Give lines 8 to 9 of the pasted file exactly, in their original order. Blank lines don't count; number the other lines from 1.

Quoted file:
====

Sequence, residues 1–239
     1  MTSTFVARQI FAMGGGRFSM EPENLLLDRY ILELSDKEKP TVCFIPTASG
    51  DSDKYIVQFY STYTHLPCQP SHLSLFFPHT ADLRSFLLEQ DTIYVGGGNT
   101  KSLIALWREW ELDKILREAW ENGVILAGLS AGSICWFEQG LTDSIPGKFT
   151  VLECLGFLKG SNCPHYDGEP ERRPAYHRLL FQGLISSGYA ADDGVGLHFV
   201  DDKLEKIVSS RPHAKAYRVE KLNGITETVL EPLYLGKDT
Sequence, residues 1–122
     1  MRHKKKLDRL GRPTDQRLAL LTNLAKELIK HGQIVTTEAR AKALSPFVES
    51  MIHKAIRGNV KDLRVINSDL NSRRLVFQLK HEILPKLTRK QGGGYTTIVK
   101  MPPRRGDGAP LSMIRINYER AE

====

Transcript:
     1  MRHKKKLDRL GRPTDQRLAL LTNLAKELIK HGQIVTTEAR AKALSPFVES
    51  MIHKAIRGNV KDLRVINSDL NSRRLVFQLK HEILPKLTRK QGGGYTTIVK